Barry Mazur Awarded 2022 Chern Medal
Mazur received the award for his work in topology, arithmetic geometry, and number theory, and for his leadership and generosity in shaping the next generation of mathematicians.
Earlier today at a ceremony in Helsinki, Finland, International Mathematical Union (IMU) President Carlos E. Kenig announced Harvard Gerhard Gade University Professor Barry Mazur as the recipient of the 2022 Chern Medal. It is given out once every four years to an individual whose lifelong outstanding achievements in the field of mathematics warrant the highest level of recognition.
“I’m delighted to receive the Chern Medal,” Mazur said. “It gets me to survey the full arc of my life with mathematics and so—most definitely—is quite meaningful to me!” Mazur is an internationally known mathematician who has been a part of the Harvard University community for over 60 years. President Obama awarded him the National Medal of Science in 2013 and he is the recipient of the Leroy P. Steele Prize, the Cole Prize, the Chauvenet Prize, and the Oswald Veblen Prize, among others. He is also an elected member of the National Academy of Sciences and the American Philosophical Society.
According to an IMU citation, Mazur’s numerous fundamental contributions place him squarely within the ranks of the greatest mathematicians of the 20th century. His proof of the torsion conjecture for elliptic curves and his proof of the Iwasawa Main conjecture with Andrew Wiles are but a sampling of highlights within a broad, deep, and sustained range of influential perspectives that have enriched mathematics over the past 50 years. Mazur’s influence is further cemented by his role as a mentor and a teacher, with close to 60 PhD students, many of whom have actively and fruitfully pursued his intellectual legacy.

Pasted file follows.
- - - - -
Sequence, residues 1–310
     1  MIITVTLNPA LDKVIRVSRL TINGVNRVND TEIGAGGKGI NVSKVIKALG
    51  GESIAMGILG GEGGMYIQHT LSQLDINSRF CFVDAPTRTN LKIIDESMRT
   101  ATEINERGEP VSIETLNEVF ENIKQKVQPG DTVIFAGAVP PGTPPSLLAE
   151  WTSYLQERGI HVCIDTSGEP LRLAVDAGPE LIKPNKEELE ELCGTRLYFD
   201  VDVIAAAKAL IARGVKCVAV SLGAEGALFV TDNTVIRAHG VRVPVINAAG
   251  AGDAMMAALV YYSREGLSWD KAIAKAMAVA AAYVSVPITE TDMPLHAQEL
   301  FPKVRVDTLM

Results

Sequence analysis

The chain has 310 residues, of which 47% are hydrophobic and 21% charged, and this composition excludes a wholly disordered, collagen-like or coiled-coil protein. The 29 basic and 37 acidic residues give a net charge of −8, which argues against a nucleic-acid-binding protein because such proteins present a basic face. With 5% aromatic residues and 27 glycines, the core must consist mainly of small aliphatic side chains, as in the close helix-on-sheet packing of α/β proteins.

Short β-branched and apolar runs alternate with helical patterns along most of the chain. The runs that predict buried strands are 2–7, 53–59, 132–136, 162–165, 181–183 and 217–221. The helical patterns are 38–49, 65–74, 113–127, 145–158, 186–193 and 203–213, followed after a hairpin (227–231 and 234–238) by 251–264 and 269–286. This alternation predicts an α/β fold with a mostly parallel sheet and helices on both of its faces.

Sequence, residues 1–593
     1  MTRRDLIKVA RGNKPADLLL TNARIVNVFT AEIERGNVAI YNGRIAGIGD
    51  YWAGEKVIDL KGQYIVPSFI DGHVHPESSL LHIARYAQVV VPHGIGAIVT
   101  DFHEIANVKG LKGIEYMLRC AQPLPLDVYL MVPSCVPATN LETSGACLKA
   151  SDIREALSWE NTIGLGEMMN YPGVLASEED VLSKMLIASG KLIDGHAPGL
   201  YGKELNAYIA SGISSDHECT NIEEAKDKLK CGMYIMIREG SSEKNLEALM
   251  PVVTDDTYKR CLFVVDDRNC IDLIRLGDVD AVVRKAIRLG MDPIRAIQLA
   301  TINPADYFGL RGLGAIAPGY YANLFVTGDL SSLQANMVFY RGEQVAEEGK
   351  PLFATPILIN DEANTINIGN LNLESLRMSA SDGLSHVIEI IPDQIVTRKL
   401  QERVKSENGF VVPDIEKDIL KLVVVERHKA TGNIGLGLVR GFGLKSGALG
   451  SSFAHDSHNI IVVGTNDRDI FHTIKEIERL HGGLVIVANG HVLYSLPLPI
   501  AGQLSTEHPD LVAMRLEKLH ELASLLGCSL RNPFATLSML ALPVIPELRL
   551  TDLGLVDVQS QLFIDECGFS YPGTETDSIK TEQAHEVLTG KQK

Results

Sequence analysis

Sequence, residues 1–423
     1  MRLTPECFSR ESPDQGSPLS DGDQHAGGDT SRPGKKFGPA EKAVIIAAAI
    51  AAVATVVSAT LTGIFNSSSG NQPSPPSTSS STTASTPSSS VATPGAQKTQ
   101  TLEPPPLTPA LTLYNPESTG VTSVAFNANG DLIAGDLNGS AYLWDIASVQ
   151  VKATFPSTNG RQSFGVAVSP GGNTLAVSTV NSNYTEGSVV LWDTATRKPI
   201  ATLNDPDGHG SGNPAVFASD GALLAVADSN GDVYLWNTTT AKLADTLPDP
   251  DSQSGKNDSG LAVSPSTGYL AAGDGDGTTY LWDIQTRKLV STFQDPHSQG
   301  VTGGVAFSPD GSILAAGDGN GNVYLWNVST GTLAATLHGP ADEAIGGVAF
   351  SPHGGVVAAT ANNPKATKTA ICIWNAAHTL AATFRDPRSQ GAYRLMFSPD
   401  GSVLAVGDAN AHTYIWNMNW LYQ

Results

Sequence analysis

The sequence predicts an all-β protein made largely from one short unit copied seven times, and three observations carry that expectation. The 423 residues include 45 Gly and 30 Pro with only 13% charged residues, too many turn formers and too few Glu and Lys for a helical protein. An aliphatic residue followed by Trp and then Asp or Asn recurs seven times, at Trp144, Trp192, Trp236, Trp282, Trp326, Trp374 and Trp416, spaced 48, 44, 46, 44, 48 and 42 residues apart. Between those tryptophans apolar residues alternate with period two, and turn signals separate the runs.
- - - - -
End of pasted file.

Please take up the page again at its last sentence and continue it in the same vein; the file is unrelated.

The IMU and the Chern Medal Foundation (CMF) established the Chern Medal Award in memory of Chinese mathematician Shiing-Sheng Chern (1911-2004). Chern devoted his life to mathematical research and education, obtained fundamental results in all major aspects of modern geometry, and founded the area of global differential geometry. The breadth of his work deepened the connections between modern geometry and different areas of mathematics.
At least two years before each award ceremony, the IMU forms a five-member Award Selection Committee tasked with identifying the medalist. The award consists of a medal and a monetary award of $500,000. A requirement states that half of the money must be donated to organizations chosen by the medalist and approved by the Friends of IMU (FIMU) that will assist research, education, outreach, or other activities to promote mathematics. Chern was generous in his personal support of the field during his lifetime, and the IMU hopes that this philanthropy requirement will set the stage and the standard for mathematicians to carry on his altruism. Mazur intends to choose organizations that focus on mathematical education for the young.
Photo courtesy of Jim Harrison.